Simon Hills, Director, Prudential Policy, UK Finance
UK Finance and AFME submitted their joint response to the FCA’s consultation on extending the senior managers and certification regime (SMCR) last week. At the moment only banks and insurance companies are subject to the regime but in a year or so, once implementation technicalities have been finalised, all regulated financial services firms will be within scope.
Our response supported this as we think it is important that all financial services providers are subject to the same expectations of individual accountability and conduct in the interest of promoting greater trust amongst their customers and in society generally.
But as the banks have found, implementation is a resource intensive task – and they have already been subject to the regime for more than 18 months. The FCA’s own estimates of the proposed roll out exceed £500 million.
We welcomed the FCA’s commitment to a proportionate regime which sets core requirements that will apply to the great majority of the 47,000 firms that will soon have to comply with the SMCR. A greater range of enhanced requirements will apply to about 350 firms. The FCA is proposing that the decisions to classify a firm as ‘enhanced’ with the more onerous regulatory expectations that come with that classification should be based on a number of criteria, with significant weight being given in the case of asset management firms to the value of Assets under Management (AUM).
Our response challenged this test as AUM do not represent the actual assets of a firm and can change quickly in line with market movements. Neither does size necessarily indicate a higher likelihood of poor culture. Our view is that triggers should ensure that the true risk, complexity and interconnectedness of firms is properly represented when deeming certain firms as riskier.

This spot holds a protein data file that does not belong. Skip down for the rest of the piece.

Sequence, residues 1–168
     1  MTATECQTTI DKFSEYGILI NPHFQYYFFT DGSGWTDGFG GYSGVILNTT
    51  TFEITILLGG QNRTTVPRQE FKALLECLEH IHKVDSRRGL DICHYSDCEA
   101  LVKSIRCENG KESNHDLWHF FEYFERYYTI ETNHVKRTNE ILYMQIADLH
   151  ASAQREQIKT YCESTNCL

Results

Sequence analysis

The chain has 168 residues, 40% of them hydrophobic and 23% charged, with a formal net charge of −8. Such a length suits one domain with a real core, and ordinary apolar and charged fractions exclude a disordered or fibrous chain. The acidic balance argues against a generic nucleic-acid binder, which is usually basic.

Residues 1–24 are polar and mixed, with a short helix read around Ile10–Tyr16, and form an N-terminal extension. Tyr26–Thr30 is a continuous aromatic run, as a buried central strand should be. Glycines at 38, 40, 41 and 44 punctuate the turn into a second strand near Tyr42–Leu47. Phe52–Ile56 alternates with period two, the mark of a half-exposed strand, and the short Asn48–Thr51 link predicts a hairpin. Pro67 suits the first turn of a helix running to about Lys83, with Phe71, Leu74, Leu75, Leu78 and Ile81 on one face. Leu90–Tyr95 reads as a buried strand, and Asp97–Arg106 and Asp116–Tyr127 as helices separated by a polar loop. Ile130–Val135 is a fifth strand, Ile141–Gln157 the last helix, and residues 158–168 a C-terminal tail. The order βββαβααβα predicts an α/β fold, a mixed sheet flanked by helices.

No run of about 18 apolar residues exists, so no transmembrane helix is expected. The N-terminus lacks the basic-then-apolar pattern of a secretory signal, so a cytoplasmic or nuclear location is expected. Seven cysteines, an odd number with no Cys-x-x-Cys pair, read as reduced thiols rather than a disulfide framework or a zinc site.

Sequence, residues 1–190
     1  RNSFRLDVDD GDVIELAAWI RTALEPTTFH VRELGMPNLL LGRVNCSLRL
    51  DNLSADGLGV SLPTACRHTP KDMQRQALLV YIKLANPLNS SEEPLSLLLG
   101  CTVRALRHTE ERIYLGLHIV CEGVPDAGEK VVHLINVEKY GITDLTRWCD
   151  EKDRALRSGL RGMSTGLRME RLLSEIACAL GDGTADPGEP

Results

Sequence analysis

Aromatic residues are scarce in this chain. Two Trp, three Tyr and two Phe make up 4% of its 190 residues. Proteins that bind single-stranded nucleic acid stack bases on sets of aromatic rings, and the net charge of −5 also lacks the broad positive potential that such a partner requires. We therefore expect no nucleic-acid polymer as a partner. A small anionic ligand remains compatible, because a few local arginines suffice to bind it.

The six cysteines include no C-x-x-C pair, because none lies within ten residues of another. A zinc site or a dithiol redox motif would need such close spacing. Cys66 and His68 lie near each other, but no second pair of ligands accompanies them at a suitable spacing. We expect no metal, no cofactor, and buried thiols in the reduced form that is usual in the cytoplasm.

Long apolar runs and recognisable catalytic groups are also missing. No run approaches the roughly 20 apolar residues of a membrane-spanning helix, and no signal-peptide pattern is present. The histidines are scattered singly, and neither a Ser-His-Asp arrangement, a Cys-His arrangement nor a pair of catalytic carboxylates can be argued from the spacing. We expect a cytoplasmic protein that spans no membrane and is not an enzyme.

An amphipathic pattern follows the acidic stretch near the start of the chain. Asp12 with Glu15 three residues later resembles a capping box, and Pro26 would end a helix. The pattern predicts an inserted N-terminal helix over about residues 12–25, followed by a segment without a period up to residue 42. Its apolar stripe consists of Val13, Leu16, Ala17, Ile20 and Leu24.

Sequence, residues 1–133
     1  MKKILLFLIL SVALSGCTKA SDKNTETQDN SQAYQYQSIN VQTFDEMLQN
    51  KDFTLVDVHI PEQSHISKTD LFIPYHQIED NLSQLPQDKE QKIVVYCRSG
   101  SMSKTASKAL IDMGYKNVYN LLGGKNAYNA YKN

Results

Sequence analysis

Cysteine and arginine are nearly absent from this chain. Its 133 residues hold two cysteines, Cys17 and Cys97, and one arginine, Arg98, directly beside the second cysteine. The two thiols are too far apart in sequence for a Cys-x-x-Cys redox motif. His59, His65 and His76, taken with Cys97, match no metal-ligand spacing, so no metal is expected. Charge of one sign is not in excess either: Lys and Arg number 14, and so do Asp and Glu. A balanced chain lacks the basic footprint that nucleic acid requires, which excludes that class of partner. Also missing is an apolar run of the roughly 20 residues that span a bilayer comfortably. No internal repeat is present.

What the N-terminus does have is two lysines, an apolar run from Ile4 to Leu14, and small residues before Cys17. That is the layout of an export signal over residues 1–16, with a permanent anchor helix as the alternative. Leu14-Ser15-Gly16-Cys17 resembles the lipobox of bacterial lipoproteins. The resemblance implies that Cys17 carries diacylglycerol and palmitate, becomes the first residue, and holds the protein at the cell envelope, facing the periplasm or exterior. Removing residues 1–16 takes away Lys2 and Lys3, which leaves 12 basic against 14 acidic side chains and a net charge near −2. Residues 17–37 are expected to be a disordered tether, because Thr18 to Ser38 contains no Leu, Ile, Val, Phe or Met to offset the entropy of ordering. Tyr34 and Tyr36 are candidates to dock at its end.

Linked to this concern was our suggestion that the proposed maximum permitted 6-month transition period from core to enhanced should be extended to 12 months, because of the need to revisit governance arrangements and appoint and train Non-Executive Directors.
Another suggestion in the consultation paper was that firms should make publicly available the identity of people performing Certification Functions so that customers and potential customers of the firm can understand who they are dealing with. Whilst such an initiative could go some way towards replacing the FCA-complied list of approved persons on its Financial Services Register, our view was that a firm-specific lists would not be a true replacement.
Firms’ lists would not contain a full history employment history of each certified employee as the record for an individual would not ‘transfer’ if they moved roles. Furthermore, firms’ differing structures could mean that customers might interact with a Certified Person at one firm and a non-Certified Person at another firm to conduct the same business, potentially causing confusion in the customer’s mind.
As the implementation of the SMCR requires firms to certify that their staff are fit and proper to perform their roles, we concluded that given a firm is subject to the regime is sufficient reassurance to customers that they are interacting suitable and qualified staff able to meet their needs.
Despite these two concerns UK Finance and AFME are supportive of the widening of the scope of the regime and look forward to continuing to work with the FCA as the technical aspects of the roll out of the SMCR are developed.